Let us remind ourselves that in real life, the head of the CIA resigned in disgrace because of an affair. And political hay was made when the ambassador to the UN mischaracterized a terrorist attack as a spontaneous burst of violence, possibly jeopardizing her chances at career advancement. (I think the latter is particularly weak tea, but that’s not my point.) Yet we’re meant to want the head of MI6 to keep her job as she presides over a steady stream of death and destruction? No. A real-life M would have been forced to leave promptly with the loss of the computer file, and rightly.
But that’s not all! NO! When the Bad Guy escapes (again, on her watch) and is (correctly) believed to be heading for her to kill her, rather than heed the urgent pleas of her agents to get to a secure location she ignores them and remains at a government hearing so she can defend her reputation. She does not calmly but firmly shut the meeting down and allow people to get to safety. Nope, she quotes Tennyson. She knowingly remained vulnerable to attack (which claimed yet more lives) in a room that also held several high-ranking members of the British government!
Garbage! Not only should she be sacked, but she should be put on trial for reckless endangerment and negligent manslaughter.
2a) When it became apparent that their boss was choked with hubris and not leaving the hearing, why did MI6 not immediately swarm the building with additional security? How were three men with guns able to blast their way in, when agents knew a lethal criminal was making a beeline toward Westminster? Stupid!
3) Bond eventually spirits M back to his childhood home to lure the Bad Guy (the famous “Crocodile Dundee 2” gambit). There, with naught but his old groundskeeper for back-up, he takes down a small army of henchmen when many of them conveniently step on all of his booby traps (the “Home Alone” defense). As the Bond manse is blasted and bombed into smithereens, James bravely holds Bad Guy off while groundskeeper takes M to safety via a secret passage.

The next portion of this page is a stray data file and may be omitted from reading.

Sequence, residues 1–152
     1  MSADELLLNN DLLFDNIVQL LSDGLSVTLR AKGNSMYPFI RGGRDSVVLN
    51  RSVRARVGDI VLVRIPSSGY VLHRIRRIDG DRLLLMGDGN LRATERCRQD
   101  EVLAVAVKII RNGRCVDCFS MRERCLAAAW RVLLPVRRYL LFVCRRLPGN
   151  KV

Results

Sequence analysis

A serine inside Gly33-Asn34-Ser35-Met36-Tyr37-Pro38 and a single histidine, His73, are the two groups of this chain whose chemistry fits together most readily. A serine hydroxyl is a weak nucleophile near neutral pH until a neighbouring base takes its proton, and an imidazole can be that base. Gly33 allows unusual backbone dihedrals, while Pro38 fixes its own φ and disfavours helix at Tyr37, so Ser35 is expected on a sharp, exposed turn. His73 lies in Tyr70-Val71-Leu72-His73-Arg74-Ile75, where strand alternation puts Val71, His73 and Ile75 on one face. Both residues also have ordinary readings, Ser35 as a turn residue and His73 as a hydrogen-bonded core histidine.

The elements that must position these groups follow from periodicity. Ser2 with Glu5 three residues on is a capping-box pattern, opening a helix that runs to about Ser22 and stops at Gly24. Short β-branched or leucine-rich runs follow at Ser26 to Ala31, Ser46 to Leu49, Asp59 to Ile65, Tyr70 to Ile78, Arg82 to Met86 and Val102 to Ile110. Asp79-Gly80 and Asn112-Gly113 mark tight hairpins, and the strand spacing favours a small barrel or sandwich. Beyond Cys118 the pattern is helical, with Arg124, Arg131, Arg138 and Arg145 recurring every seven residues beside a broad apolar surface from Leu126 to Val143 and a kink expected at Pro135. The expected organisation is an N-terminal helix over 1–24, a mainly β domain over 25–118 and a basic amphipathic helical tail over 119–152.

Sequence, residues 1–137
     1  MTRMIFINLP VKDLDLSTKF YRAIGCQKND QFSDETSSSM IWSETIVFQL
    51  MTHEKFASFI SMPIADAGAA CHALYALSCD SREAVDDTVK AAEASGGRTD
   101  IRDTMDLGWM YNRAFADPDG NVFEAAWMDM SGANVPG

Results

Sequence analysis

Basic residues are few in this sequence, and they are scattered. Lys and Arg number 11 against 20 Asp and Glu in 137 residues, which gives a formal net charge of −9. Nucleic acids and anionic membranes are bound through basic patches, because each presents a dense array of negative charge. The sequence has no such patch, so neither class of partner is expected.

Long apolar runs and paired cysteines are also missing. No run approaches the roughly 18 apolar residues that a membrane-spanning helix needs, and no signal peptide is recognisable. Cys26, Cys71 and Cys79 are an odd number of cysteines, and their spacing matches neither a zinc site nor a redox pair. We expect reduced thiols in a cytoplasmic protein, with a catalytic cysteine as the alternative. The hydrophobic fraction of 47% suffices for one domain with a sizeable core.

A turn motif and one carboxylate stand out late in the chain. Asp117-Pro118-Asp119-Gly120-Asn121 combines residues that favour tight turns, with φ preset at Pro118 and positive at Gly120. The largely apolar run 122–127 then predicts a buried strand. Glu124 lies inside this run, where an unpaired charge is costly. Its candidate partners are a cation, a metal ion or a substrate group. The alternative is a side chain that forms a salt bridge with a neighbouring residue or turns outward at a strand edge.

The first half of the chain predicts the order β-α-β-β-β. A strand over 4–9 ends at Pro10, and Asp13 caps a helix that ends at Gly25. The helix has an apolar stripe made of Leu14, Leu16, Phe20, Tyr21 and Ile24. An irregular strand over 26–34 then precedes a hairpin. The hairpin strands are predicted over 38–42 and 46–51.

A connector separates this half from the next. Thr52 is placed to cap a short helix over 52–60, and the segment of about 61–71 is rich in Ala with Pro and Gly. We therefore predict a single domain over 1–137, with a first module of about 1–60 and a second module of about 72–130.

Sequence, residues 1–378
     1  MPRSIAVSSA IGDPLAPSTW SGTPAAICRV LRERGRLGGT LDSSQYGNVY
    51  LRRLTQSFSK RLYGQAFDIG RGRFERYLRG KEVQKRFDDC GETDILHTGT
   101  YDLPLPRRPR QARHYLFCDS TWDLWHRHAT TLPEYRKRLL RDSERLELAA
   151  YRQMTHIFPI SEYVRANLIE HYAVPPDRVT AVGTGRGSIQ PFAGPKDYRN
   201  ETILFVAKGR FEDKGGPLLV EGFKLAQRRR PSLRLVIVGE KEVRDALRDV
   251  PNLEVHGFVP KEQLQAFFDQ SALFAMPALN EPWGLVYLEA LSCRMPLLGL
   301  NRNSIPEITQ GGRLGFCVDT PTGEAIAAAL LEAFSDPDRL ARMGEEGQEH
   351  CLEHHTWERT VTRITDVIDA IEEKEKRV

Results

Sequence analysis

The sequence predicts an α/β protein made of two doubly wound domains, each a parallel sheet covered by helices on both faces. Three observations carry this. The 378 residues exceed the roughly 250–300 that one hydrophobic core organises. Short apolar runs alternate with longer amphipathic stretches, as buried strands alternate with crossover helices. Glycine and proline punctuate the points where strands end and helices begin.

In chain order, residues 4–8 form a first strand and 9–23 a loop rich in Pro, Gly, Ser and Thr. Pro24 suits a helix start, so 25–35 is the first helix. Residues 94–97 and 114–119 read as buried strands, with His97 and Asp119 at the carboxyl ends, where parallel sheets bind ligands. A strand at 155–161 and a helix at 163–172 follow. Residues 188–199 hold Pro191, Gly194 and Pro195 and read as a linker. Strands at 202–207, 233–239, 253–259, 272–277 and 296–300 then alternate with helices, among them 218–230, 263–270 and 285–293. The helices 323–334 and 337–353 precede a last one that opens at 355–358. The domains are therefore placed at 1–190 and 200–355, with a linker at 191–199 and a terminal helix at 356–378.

But do they stay hidden in the vast dark of the Scottish moors? No, friends, they do not. They signal their location via bobbing flashlight (a move so dunderheaded I was sure it must have been a trick on their part — it wasn’t) as they make their way to the family chapel, a confined space that they then illuminate. When Bad Guy arrives, he finds M not hiding in some concealed cranny, but sitting alone and unarmed in a pew. (See above re: M, incompetence and.) Bond arrives just in time to save M, so she can die of battle wounds in his arms a couple of minutes later.
What an awful lot of trouble to end up with a dead M. Doesn’t that mean the Bad Guy, um… kinda won? And wasn’t there the little matter of the stolen computer file with the names and everything? I guess that problem just… went away?
3a) Upon finding M sitting alone and unarmed in a confined, illuminated space, Javier Bardem spends a few minutes gnawing vigorously on the scenery. He then presses his cranium against hers, puts his gun in her hand, and tearfully implores her to shoot them both with the same bullet.
3ai) M! You have his frigging gun!!!! Move your goddamn head and shoot him in his!
3aii) Whence this maudlin shitshow, Javier? Weren’t you just a few scenes back happy to blow her away without hesitation? Would you not have done so, were it not for the heroics of Ralph Fiennes? You seem strangely conflicted now. Maybe you should have seen your analyst before heading up to Scotland?
So, yeah. “Skyfall” was oodles of fun to watch while it was happening, but it falls apart completely when one happens to start thinking about it. (And the above are just the major plot holes I could think of between last night and this morning. Don’t even get me started on the strangely elaborate assassination in Shanghai.) I’m glad I went. But the plot (while nowhere near as silly as, say, “Diamonds Are Forever”) still left a lot to be desired.